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                Author and article information

                Journal
                Arch Med Sci Atheroscler Dis
                Arch Med Sci Atheroscler Dis
                AMS-AD
                Archives of Medical Sciences. Atherosclerotic Diseases
                Termedia Publishing House
                2451-0629
                30 May 2016
                2016
                : 1
                : 1
                : e36-e43
                Affiliations
                [1 ]Department of Internal Medicine and Rheumatology, Military Institute of Medicine, Warsaw, Poland
                [2 ]Department of Allergology and Infectious Diseases, Military Institute of Medicine, Warsaw, Poland
                Author notes
                Corresponding author: Anna Raczkiewicz, Department of Internal Medicine and Rheumatology, Military Institute of Medicine, 128 Szaserów St, 04-141 Warsaw, Poland. Phone: +48 691 967 030. E-mail: anna.raczkiewicz@ 123456gmail.com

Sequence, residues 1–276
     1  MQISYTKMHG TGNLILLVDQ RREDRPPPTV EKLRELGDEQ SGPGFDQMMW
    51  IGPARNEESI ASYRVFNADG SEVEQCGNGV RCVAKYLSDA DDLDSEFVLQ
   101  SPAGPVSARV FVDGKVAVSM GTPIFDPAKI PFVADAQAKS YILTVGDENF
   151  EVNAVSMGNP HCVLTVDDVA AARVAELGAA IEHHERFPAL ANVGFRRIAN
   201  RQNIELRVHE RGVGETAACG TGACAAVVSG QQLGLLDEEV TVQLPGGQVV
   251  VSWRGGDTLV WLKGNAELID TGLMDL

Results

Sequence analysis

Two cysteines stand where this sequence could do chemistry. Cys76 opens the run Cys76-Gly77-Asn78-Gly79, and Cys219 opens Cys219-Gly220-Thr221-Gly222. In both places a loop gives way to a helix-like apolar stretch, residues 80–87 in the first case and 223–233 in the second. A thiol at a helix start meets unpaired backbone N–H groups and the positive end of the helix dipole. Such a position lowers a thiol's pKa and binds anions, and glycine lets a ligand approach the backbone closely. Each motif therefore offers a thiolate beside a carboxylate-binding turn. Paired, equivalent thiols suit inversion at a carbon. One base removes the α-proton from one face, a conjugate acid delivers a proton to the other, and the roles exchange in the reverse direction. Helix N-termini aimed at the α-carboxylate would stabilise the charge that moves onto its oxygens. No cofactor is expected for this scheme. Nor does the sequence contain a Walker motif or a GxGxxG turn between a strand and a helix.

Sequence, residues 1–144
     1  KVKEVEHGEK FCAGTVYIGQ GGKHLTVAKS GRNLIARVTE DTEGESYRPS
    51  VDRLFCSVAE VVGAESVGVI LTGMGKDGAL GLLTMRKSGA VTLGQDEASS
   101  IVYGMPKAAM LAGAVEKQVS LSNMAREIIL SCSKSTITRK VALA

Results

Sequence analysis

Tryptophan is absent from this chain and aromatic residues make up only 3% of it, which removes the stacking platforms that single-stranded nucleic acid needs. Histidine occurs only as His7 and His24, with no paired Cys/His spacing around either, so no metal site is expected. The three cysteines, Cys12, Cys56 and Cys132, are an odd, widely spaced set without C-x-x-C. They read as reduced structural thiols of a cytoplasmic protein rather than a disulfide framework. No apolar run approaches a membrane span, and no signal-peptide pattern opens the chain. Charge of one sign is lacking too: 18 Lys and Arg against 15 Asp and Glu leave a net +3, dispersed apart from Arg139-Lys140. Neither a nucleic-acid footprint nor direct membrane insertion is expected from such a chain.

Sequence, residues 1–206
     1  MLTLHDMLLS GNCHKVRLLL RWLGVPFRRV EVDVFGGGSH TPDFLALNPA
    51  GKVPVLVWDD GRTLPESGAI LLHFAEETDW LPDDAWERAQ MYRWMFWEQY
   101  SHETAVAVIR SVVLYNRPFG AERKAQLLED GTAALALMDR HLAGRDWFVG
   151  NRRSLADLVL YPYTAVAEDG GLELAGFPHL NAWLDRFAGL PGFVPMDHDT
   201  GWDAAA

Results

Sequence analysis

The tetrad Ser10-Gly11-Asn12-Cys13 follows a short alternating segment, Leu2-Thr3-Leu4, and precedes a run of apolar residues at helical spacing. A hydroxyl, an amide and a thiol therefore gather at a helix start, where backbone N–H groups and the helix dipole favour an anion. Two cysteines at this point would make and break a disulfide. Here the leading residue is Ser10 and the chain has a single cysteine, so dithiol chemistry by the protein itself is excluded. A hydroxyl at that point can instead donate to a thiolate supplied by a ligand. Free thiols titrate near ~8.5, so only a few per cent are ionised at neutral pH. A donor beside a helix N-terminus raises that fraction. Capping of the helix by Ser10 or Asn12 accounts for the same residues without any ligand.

Article
                27675
                10.5114/amsad.2016.60225
                5421530
                Copyright: © 2016 Termedia & Banach

                This is an Open Access article distributed under the terms of the Creative Commons Attribution-NonCommercial-ShareAlike 4.0 International (CC BY-NC-SA 4.0) License, allowing third parties to copy and redistribute the material in any medium or format and to remix, transform, and build upon the material, provided the original work is properly cited and states its license.

                Categories
                Clinical Research

                atherosclerosis, rheumatoid arthritis, treatment